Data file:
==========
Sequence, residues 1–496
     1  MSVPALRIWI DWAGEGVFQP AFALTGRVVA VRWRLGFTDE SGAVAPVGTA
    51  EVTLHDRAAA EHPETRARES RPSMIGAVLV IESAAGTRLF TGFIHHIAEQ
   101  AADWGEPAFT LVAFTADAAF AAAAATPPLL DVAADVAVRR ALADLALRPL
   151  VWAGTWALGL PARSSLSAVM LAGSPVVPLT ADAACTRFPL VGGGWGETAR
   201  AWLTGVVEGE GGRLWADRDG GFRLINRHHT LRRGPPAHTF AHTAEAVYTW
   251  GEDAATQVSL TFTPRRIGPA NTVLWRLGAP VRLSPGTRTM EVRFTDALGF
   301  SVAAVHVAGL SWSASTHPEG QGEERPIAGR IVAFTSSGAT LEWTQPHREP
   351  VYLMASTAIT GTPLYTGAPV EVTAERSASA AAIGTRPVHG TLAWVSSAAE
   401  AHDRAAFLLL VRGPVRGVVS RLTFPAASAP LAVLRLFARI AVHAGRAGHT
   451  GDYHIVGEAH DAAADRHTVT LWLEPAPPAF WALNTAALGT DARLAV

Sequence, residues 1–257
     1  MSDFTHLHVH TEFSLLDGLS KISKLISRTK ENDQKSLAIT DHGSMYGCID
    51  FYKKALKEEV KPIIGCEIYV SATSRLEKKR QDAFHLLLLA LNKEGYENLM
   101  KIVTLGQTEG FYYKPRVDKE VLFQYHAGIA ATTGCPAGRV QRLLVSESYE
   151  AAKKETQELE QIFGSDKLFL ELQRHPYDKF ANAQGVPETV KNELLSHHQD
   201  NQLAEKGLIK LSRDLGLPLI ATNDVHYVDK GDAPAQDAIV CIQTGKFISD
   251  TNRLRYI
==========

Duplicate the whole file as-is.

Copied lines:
Sequence, residues 1–496
     1  MSVPALRIWI DWAGEGVFQP AFALTGRVVA VRWRLGFTDE SGAVAPVGTA
    51  EVTLHDRAAA EHPETRARES RPSMIGAVLV IESAAGTRLF TGFIHHIAEQ
   101  AADWGEPAFT LVAFTADAAF AAAAATPPLL DVAADVAVRR ALADLALRPL
   151  VWAGTWALGL PARSSLSAVM LAGSPVVPLT ADAACTRFPL VGGGWGETAR
   201  AWLTGVVEGE GGRLWADRDG GFRLINRHHT LRRGPPAHTF AHTAEAVYTW
   251  GEDAATQVSL TFTPRRIGPA NTVLWRLGAP VRLSPGTRTM EVRFTDALGF
   301  SVAAVHVAGL SWSASTHPEG QGEERPIAGR IVAFTSSGAT LEWTQPHREP
   351  VYLMASTAIT GTPLYTGAPV EVTAERSASA AAIGTRPVHG TLAWVSSAAE
   401  AHDRAAFLLL VRGPVRGVVS RLTFPAASAP LAVLRLFARI AVHAGRAGHT
   451  GDYHIVGEAH DAAADRHTVT LWLEPAPPAF WALNTAALGT DARLAV

Sequence, residues 1–257
     1  MSDFTHLHVH TEFSLLDGLS KISKLISRTK ENDQKSLAIT DHGSMYGCID
    51  FYKKALKEEV KPIIGCEIYV SATSRLEKKR QDAFHLLLLA LNKEGYENLM
   101  KIVTLGQTEG FYYKPRVDKE VLFQYHAGIA ATTGCPAGRV QRLLVSESYE
   151  AAKKETQELE QIFGSDKLFL ELQRHPYDKF ANAQGVPETV KNELLSHHQD
   201  NQLAEKGLIK LSRDLGLPLI ATNDVHYVDK GDAPAQDAIV CIQTGKFISD
   251  TNRLRYI